- Last edited on Jun 15, 2017, 10:26:19 PM by PM 2Ring
This is an unordered collection of issues members of the sopython community have found with the book Learn Python The Hard Way. We noticed a general trend that users using LPTHW post questions that don’t make a lot of sense both on SO and in chat. This is due to the structure and techniques used in the book. We recommend these tutorials instead. If you’d like to discuss this more, come chat!
- Repeatedly asks the reader to ensure that the reader uses Python 2, stating that Python 3 will not be in general use for a long time.
- Can have a quite condescending tone.
- Even the Python 2 version is out of date. Uses Python 2.6 in the examples.
- Exercise 3 on math does not talk about the rounding behaviour, about the
from __future__ import division, or anything for that matter; details are left for the reader to find out. “Notice the math seems "wrong”? There are no fractions, only whole numbers. You need to use a “floating point” number, which is a number with a decimal point, as in 10.5, or 0.89, or even 3.0.“
- String formatting (Ex 6) just explains the
- Ex 10 tells about Unicode escapes, of course without telling what the Unicode is or how to do it in Python.
- Does not teach
withfor processing files
- Calls functions commands until teaching the word function. Likewise modules are features until they are called modules.
- First teaches the concept of command line and command line arguments and then (much later) proceeds to explain functions as some kind of miniscripts that take arguments akin to
- Ex 23 again says: ‘Avoid any project that mentions "Python 3”. That’ll only confuse you.’
- Asks to memorize truth tables for Boolean ops, calls this “better than trying to understand it”
- Really backwards teaching order, files taught before any control structures.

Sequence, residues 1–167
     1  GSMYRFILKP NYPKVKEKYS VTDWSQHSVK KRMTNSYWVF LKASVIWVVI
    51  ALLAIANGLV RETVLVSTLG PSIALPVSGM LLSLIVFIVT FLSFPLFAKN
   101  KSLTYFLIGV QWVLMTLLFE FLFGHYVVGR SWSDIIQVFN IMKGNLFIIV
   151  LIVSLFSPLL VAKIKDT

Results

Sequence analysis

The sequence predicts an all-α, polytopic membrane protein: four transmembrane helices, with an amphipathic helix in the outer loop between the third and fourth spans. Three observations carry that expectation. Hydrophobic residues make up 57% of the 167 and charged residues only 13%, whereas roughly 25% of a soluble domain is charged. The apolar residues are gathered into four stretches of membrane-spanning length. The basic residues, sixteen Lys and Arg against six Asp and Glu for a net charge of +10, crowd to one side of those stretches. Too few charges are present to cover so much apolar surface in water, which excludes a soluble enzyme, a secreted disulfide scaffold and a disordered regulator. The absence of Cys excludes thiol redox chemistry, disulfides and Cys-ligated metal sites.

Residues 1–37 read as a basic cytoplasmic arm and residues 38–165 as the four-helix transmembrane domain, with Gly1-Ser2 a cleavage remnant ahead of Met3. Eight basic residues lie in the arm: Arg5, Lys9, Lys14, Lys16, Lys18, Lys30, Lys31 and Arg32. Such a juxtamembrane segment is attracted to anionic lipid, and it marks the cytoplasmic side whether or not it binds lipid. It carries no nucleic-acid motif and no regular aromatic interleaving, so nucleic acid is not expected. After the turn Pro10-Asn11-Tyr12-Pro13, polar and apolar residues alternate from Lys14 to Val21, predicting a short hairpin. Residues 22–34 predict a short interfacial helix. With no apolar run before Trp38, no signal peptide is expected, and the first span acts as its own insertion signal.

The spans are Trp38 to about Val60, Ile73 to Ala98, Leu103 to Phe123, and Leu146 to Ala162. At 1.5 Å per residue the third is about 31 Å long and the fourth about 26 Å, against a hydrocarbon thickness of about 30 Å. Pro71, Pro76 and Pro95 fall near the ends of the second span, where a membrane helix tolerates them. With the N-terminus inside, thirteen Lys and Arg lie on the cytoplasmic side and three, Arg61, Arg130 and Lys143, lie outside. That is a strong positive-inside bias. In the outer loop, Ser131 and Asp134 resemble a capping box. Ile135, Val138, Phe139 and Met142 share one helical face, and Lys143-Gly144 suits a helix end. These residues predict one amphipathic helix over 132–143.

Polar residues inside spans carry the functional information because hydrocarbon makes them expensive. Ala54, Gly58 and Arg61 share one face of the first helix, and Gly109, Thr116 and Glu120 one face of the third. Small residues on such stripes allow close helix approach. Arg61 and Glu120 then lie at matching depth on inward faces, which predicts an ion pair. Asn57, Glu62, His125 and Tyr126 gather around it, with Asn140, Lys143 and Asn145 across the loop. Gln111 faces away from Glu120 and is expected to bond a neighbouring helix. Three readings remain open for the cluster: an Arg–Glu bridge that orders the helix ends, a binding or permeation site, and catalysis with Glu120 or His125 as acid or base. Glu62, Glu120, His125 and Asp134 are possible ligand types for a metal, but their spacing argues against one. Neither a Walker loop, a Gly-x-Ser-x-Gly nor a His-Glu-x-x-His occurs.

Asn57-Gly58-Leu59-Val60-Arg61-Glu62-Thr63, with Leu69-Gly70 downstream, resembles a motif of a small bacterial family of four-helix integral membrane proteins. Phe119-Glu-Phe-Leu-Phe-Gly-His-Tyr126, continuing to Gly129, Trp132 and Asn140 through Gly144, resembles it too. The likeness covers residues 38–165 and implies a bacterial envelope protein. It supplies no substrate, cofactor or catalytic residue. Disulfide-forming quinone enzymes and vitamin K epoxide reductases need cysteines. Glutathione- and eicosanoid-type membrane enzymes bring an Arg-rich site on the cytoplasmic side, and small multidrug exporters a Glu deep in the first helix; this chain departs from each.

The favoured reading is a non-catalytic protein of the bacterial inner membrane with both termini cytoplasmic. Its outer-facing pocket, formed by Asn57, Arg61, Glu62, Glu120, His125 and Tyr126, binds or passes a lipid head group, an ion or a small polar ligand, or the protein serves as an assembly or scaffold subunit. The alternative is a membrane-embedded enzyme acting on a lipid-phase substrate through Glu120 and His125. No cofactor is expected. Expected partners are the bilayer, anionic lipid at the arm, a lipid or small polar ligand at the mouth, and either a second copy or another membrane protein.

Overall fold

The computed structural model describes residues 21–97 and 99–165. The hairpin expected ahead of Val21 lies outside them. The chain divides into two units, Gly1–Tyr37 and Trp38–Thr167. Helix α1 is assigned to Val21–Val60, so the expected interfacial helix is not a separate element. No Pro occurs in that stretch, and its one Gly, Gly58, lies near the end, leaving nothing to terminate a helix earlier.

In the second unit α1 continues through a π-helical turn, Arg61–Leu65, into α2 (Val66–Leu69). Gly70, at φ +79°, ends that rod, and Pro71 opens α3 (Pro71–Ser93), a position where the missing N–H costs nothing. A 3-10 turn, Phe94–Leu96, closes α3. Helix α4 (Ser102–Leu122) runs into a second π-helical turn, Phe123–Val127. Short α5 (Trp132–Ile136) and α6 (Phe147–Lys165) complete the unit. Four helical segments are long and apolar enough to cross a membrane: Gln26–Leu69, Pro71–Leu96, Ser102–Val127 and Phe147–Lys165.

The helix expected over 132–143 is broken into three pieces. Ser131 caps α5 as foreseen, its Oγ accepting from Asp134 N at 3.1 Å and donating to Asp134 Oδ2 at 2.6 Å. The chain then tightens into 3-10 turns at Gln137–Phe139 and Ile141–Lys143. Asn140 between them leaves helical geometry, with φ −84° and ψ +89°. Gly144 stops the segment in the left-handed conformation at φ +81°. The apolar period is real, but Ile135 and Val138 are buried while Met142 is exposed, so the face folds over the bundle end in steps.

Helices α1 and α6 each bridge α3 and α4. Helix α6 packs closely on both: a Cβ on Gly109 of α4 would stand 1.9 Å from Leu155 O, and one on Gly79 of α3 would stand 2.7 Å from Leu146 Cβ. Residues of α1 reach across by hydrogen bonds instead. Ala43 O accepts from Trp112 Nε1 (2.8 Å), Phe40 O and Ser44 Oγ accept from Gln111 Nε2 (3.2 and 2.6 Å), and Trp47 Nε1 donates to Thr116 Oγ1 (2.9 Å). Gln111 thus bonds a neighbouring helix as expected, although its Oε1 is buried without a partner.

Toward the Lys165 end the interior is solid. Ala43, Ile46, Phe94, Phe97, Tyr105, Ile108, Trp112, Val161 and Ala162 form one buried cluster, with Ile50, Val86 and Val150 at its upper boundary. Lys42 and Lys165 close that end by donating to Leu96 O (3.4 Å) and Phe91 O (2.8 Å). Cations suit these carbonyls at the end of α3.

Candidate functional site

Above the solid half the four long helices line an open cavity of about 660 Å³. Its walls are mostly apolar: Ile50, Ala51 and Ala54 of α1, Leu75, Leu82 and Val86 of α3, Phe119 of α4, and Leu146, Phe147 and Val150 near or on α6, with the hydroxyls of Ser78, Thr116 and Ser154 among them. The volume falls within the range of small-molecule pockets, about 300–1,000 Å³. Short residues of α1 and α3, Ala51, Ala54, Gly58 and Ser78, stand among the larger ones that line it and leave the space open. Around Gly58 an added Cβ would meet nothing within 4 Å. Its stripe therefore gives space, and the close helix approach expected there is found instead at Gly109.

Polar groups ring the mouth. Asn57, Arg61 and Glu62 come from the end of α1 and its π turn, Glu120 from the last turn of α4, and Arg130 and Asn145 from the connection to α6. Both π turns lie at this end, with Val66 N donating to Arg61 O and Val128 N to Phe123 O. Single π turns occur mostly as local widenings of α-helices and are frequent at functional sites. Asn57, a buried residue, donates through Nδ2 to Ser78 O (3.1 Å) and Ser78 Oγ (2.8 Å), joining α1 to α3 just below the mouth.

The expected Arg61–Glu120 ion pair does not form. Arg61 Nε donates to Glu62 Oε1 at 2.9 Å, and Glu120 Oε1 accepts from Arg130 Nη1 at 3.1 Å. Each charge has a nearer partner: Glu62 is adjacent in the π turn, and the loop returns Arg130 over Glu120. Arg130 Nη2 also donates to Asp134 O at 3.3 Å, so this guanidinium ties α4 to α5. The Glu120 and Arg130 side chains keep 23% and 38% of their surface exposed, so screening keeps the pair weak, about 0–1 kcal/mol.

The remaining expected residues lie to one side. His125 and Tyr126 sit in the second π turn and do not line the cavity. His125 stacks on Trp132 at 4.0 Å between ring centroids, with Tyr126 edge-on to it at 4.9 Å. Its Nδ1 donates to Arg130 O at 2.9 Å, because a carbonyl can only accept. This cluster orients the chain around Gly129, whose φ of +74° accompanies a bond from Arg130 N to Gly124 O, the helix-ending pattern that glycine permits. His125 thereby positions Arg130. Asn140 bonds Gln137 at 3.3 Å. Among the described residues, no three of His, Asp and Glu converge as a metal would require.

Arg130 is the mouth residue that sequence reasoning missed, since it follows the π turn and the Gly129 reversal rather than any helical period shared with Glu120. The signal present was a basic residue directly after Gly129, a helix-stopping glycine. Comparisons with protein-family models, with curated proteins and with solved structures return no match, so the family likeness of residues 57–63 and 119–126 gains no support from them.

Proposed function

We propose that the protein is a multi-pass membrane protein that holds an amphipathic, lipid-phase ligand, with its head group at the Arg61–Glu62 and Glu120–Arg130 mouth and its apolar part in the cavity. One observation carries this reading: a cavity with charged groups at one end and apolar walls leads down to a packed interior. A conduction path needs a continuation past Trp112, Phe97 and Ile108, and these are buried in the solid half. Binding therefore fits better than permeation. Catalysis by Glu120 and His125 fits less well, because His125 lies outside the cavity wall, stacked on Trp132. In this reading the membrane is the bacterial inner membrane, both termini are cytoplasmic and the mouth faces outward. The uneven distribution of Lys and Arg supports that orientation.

- Ex 31 says this about testing whether a number falls into a range: “Use
0 < x < 10or
1 <= x < 10, which is classic notation, or use
x in range(1, 10).” And this is Python 2. Even in Python 3 the
O(n)for floats and most probably would fail.
- Ex 37 - review - passingly mentions
yieldin a table, that weren’t taught in previous exercises. Nor were the concepts of generators, iterators or even exceptions.
.next()is used to get the next value from a generator.
- After teaching methods in 38, Ex 39 teaches dictionaries and… how to build a hash table class?!
- “Ex 40: Classes are like minimodules, objects are like mini-imports.”
- Ex 41 defines “composition” as “The concept that a class can be composed of other classes as parts, much like how a car has wheels.” and then immediately defines “attribute” as “A property classes have that are from composition and are usually variables.” This isn’t even wrong.
- Ex 43 teaches non-pythonic stuff, like picking a random item from a list with
randint(0, len(x)-1)instead of suggesting
- Ex 45 says “method is a function”.
- Ex 46 teaches writing a package. Up until then the keyword arguments are not explained. A dictionary of arguments to
setupis built, then applied with
- Exceptions are finally taught in Ex 48, after the setup script. This is the first time a string is converted to an integer and exceptions handled appropriately.
- Uses recursion excessively, teaching users that chaining a series of functions to build a game is somehow good code flow (without ever talking about what this means in terms of the call stack).